Ho Chi Minh City (AsiaNews) – Communist authorities and a local religious institution are once again in open conflict in Vietnam over land ownership. The local administration wants to expropriate three schools which have been run by the Congregation of the Lovers of the Holy Cross in Thu Thiem, a district of Ho Chi Minh City since the 1960’s.
According to Fr. Vincent Pham Trung Thanh, former provincial superior of the Redemptorists "the crux of the problem is that the authorities of the city and, in particular, those of District 2 must be honest and transparent when deciding on new urban areas".
The nuns have been in Vietnam since their foundation in 1840. After the fall of the former Saigon, with the unification of the country and the seizure of power by the Communists in the North, the sisters have given – in a signed accord dating to December 5 1975 - the use of primary schools for the benefit of the Department of Education of Ho Chi Minh City.
The document clearly states that the archdiocese of Saigon grants the government the use of the premises for the 1975-76 school year for educational purposes only, while the property remains in the hands of the Catholic Church. When being used for purposes other than this, the agreement also states, "both sides must make clear their consent."
Since September 5, 2011 the schools have been closed and in one of these (the elementary school Thu Thiem in District 2) local authorities have allocated government offices and a local police station. In October this year the district communist leaders have started the paperwork for the transfer of ownership which amounts to expropriation of structures from the religious. However, the reaction of the sisters and of the Church leaders and the Catholic community has blocked the operation.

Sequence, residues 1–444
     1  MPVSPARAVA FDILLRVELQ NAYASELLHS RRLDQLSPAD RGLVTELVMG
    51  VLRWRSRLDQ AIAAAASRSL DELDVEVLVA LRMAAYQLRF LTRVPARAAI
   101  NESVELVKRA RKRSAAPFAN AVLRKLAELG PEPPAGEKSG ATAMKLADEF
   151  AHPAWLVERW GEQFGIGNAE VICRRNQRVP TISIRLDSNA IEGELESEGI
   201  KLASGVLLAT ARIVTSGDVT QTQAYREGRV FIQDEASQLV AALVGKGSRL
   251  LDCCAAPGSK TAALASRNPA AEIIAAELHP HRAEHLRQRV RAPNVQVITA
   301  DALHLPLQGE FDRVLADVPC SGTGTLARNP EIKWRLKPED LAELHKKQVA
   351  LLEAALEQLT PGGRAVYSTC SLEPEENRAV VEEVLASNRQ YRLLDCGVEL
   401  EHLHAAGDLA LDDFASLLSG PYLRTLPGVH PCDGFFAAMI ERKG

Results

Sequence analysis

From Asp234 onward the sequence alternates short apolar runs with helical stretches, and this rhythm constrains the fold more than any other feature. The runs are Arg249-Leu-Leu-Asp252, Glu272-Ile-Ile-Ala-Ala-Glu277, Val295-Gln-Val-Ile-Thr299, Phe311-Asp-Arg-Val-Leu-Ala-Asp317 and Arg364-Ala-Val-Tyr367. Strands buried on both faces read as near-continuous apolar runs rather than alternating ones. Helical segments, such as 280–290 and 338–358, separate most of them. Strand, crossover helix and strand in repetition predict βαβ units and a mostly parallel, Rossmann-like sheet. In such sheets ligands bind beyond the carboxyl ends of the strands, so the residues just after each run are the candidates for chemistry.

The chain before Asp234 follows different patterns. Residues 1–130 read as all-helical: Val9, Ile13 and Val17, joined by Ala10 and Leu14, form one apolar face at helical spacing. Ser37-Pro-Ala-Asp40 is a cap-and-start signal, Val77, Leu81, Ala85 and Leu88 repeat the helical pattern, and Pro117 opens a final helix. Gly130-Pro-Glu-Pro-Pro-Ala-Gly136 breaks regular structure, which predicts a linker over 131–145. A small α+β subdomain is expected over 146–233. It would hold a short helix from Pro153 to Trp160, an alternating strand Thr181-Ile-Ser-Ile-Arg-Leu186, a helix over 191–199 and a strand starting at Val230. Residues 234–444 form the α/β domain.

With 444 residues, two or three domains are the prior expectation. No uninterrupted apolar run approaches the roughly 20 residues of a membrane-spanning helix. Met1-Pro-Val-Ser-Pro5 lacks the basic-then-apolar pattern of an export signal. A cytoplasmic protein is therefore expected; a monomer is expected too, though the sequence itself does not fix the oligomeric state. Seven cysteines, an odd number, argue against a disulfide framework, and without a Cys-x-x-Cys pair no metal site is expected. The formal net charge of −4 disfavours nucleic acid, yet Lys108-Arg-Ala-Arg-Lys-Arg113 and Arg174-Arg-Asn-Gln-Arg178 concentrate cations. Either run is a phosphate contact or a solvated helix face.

This is confirmed by Sister Maria Nguyen Thi Ngoan, superior of the Congregation, who says that "the local government has halted demolition operations of the buildings", which once were school complexes. The nun says that they have launched legal action in defense of property and the situation is "temporarily stabilized", although it is only the "first step" in an intricate and difficult case.
Priests and Catholic leaders say the authorities should "discuss any possible change of use with the congregation" and, if necessary, pay an "adequate compensation". In recent days, Vietnamese Church leaders have spoken out in support of the nuns, including Msgr. Michael Hoàng Duc Oanh of Kontum and the superior of the Redemptorists Fr. Pham Trung Thanh.
Sister Maria expressed their thanks for this support in a letter to the cardinal, bishops, priests, lay people and many organizations. "Since our congregation began this battle against the local government last October -she said - we have felt God's love and providence over us" as well the encouragement and prayers of all.
As reported on several occasions not only by the Vietnamese Catholic Church, but also by authoritative international financial institutions, the vexed question of land ownership in Vietnam is not only a legal and constitutional issue, but it is a drag on economic development of the country. In just three years there have been about 700 thousand disputes over land, most of which concerned compensation issues. Data from the World Bank reports that from 2001 to 2010 about one million hectares of agricultural land has been converted for different purposes; especially tourism. . Last year, the Vietnamese authorities have forcibly expropriated a Catholic neighborhood in Con Dau, including the cemetery.